recently the United States in the mid-1980s.3 None of the Soviet tests resulted in a target’s
From an arms control perspective the Chinese test demonstrates both China’s ability to counter
potential U.S. "defensive" space technologies with asymmetric counteractions, and the need to
develop some common sense rules of the road for space-faring nations.
The test also illustrates the need to revitalize the longstanding Prevention of an Arms Race in
Outer Space (PAROS) negotiations in the United Nations’ Conference on Disarmament (CD).5
Otherwise the deployment of space weapons could destroy strategic balance and stability,
undermine international and national security, and disrupt existing arms control instruments.
Restarting the negotiations will not be easy. The U.S. view is that there is no place in the talks
for arms control. Last June the U.S. delegation to the PAROS negotiations at the CD said:
Our delegation is more convinced than ever that issues relating to the supposed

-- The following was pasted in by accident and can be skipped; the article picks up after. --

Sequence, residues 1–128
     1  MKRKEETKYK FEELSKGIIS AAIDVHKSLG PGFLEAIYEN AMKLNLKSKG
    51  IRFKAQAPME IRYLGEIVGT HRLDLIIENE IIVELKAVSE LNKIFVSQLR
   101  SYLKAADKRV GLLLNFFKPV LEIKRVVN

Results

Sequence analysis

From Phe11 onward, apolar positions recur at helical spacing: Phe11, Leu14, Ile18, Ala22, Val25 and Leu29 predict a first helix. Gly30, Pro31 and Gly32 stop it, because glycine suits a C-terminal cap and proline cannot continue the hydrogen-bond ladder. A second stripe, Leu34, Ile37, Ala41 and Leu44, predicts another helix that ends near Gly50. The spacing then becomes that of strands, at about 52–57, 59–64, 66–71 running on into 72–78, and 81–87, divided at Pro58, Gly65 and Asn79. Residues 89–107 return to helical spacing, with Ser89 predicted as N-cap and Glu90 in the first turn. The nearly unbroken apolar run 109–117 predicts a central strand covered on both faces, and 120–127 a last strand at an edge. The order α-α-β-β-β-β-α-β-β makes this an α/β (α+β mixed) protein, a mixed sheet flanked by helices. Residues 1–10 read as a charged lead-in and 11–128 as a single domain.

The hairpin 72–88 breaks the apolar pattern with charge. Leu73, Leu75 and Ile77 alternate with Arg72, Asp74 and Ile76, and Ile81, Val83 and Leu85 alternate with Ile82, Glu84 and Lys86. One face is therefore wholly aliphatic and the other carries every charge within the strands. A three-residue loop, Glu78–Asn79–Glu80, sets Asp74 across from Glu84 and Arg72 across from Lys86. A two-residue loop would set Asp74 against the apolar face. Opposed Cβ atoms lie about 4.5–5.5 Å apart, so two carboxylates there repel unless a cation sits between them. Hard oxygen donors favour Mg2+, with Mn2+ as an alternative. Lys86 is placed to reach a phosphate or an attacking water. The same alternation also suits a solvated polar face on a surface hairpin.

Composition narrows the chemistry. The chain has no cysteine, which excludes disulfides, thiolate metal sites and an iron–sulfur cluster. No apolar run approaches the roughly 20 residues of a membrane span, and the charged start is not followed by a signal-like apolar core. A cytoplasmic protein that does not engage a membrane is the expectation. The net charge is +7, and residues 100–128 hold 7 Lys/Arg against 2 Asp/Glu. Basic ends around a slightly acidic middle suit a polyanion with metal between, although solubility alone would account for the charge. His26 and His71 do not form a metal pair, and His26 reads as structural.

weaponization of space definitely do NOT command consensus in this body…
…the United States does not have any weapons in space, nor do we have any plans to
build such weapons. On the other hand, the high value of space systems long has led
the United States to study the potential of space-related weapons to protect our satellites
from potential future attacks. As long as the potential for such attacks remains, our
Government will continue to consider the possible role that space-related weapons may
play in protecting our assets….
The cold war is over, and there is no arms race in outer space. Thus, there is no -
repeat, no- problem in outer space for arms control to solve.6
The Chinese Test: Implications for U.S. Missile Defense and Space Policy
The Chinese test was similar to the U.S. test of a kinetic energy ASAT weapon that destroyed a
U.S. scientific satellite in September 1985, the last time such a test was conducted by any
country. The U.S. test took place at an altitude of 525 kilometers.7 In that test, a U.S. Air Force